—Cuba in all its multifaceted dimensions. There’s nothing to be afraid of. Actually, I think it would be more appropriate to study and describe the root causes that give rise to displays like the one I witnessed that afternoon as I waited for my appointment with Radio Metropolitana.
I was still trying to digest that scene of the women with the jolongo chanting prayers when a young man came to a stop on his bicycle in the midst of a group of junior high school girls who were sitting next to me.
The girls were having fun, singing the latest hit songs, lost in their own world. The young man, leaning against the wall with his bike parked in front of him, took out a cigarette and lit it.
I was suddenly aware that the sun was burning the skin on my face, which I hadn’t noticed earlier due to the constant salty sea breeze blowing off the Caribbean Sea. But I wasn’t ready to leave yet.
I took out a book and tried to start reading when I noticed that the young guy with the bicycle was now standing facing the seawall looking at the group of girls and me, blowing cigarette smoke out of his mouth and masturbating frenetically.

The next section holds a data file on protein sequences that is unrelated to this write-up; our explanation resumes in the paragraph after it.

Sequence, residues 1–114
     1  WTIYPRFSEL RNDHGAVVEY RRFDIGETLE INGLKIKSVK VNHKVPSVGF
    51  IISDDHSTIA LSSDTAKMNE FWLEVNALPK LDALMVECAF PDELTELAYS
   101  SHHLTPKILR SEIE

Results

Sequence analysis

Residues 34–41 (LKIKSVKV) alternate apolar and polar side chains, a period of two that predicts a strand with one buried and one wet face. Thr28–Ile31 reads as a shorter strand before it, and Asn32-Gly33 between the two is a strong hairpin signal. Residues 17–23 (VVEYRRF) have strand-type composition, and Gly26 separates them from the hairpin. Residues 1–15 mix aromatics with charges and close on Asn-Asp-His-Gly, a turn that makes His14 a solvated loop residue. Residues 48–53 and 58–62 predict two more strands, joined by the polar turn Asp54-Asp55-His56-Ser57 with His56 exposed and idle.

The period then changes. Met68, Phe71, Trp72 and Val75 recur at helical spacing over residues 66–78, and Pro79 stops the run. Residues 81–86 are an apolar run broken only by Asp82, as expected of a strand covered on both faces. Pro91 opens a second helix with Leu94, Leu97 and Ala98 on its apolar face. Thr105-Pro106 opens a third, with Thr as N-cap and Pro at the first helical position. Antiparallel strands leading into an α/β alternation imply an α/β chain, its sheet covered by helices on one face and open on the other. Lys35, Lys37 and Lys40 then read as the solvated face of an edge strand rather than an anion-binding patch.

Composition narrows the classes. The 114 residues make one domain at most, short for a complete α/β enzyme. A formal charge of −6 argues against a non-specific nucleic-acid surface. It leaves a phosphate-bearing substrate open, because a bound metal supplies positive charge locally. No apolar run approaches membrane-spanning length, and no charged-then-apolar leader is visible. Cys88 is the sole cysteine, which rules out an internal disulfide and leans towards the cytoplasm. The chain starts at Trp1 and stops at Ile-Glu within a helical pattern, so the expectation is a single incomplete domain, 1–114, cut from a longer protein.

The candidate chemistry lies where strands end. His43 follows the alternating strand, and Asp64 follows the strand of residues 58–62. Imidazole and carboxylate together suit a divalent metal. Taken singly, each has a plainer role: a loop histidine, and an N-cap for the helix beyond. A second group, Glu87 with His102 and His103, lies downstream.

The view froze me. It was around two o’clock in the afternoon and despite the violent sun, several people were walking by. The giggling girls were still singing and a guy came up to offer me a box of cigars. Flustered, I told him that I didn’t smoke, and he carried on, hiding the cedar box in a dirty bag.
I looked back towards the young guy with the bicycle but he was no longer there. Along the seawall, several gooey white spots reflected the intense sunlight.